The highlight of the movie is the butter sculptures themselves. Some of them are incredible. When four women square off for the right to replace Bob at the Iowa State Fair, what they come up with is both amazing and metaphorical. Even the last place finisher's laughable Basket of Kittens sculpture is, I dare say, ten times better than you or I could have done. I also rather liked Destiny’s adoptive parents. One scene in particular about overcoming our fears between Corddry and Shahidi is especially original and effective. I wanted to see more of that family's coming together.

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What Doesn't?

Butter is a film with ideas and aspirations where none of them end up with any more permanence than one of Bob's sculptures. Even 1999's poorly-reviewed Drop Dead Gorgeous was a more focused piece of upper-Midwest pagaentry. Had Butter committed to that film's mockumentary style, or any single form, it could have been better. Instead, we get a doltish Hugh Jackman in a throw-away role giving thanks to God for sending him a booty call. There are also several headscratchers: why was Bob asked to step down in the first place, when there wasn't anyone longing for his crown until after he stepped down? Why are the butter contest folks even listening to Laura's lying allegations that Destiny didn't carve her sculpture herself when the girl was locked in a glass case being watched by the public the whole time? By the time Laura and Destiny finally share a private moment in a women's restroom and Laura reveals the reason behind her witchiness, it turns out to be no secret at all, but just what one suspects of any mean-mouthed, buttoned-up maven of high society. It's at this point the orphan brings truth, forgiveness and hope to the bitter woman, which is what prompts Laura to run for political office. But would Destiny vote for her? Hardly. And the vehemence with which she tells us so runs completely counter to the tenderness she just showed Laura seconds ago.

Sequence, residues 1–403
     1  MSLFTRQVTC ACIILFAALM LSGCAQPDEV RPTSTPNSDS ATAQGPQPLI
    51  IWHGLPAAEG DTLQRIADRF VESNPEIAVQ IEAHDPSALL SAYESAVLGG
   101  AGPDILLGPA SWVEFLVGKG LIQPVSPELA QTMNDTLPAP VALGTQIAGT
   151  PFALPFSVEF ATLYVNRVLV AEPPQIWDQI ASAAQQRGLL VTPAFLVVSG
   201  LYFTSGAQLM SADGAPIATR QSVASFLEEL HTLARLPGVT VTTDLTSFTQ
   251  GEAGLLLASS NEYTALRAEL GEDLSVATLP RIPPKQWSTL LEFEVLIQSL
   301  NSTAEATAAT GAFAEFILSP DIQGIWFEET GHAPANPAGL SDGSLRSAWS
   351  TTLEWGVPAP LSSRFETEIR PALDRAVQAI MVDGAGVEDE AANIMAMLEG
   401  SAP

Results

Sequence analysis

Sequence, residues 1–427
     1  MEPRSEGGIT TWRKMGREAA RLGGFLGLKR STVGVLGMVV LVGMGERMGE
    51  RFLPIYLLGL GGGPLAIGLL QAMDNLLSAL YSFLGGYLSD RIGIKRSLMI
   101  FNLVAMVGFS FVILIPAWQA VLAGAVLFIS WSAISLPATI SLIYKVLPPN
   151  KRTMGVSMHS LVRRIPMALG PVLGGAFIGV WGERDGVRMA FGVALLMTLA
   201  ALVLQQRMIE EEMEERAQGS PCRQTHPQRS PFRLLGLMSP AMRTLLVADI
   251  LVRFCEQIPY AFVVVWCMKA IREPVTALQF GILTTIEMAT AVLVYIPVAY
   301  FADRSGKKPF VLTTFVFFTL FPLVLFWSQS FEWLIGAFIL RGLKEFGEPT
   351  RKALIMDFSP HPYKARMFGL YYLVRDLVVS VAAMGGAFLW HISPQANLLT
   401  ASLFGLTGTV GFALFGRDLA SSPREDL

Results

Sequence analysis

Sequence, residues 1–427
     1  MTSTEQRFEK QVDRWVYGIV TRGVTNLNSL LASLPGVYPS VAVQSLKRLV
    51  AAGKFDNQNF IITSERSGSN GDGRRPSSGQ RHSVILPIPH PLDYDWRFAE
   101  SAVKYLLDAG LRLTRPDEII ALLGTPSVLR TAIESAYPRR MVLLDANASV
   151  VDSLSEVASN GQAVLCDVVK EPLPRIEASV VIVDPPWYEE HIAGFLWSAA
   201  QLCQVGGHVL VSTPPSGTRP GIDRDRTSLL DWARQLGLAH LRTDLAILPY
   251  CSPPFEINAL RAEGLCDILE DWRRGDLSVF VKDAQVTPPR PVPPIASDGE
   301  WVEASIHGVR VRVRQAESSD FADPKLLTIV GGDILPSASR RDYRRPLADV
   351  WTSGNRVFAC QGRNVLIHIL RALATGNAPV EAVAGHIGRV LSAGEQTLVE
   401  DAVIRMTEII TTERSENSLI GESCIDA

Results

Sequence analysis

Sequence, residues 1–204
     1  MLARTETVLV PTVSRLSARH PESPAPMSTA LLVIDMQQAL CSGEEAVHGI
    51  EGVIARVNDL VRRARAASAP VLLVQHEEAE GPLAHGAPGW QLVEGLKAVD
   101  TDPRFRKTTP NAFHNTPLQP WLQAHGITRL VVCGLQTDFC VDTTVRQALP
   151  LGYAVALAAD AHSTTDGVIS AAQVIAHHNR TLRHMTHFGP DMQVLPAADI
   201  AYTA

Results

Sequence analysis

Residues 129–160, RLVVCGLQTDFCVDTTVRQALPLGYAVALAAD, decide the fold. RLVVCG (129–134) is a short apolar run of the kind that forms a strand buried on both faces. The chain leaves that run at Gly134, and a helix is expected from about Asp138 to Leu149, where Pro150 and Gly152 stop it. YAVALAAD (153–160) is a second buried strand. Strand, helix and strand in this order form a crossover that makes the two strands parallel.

Christian Worldview Elements / Spiritual Themes

The first butter sculpture we're treated to is essentially a "golden calf" (a cow made out of butter). This film definitely hopes to say something about idolatry in Middle America, about how we give lip service to God while making gods of our own, but it loses its way in an effort to say too much. To wit: some butter carvings feature religious art, such as a remake of The Last Supper that's hailed as "better than the original;" a daughter mocks her stepmom by asking if she has Jesus's direct line; a woman dons a cross necklace and Sunday school dress and, to gain sympathy, speaks to a crowd of her conversion to Christianity, which is fake. There's also a mocking joke about where homeschoolers think dinosaur bones came from. The foster/adoption process is presented with both its negatives and positives, and Destiny prays and forgives her mom for abandoning her, but by this time any valuable spiritual takeaways from Butter are lost in the mire.